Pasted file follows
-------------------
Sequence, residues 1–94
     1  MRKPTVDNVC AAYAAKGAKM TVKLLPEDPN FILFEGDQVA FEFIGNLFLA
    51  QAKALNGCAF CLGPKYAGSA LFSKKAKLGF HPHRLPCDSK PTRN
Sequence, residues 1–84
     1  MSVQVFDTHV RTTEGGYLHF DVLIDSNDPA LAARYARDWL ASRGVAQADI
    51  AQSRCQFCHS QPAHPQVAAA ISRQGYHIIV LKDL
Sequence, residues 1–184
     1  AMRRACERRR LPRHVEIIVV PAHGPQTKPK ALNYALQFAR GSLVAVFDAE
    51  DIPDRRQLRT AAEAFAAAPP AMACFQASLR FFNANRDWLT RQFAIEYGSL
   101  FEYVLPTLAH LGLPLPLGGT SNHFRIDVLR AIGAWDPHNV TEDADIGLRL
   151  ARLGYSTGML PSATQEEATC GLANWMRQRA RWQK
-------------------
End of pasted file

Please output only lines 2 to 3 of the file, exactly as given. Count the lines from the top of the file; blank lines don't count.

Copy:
     1  MRKPTVDNVC AAYAAKGAKM TVKLLPEDPN FILFEGDQVA FEFIGNLFLA
    51  QAKALNGCAF CLGPKYAGSA LFSKKAKLGF HPHRLPCDSK PTRN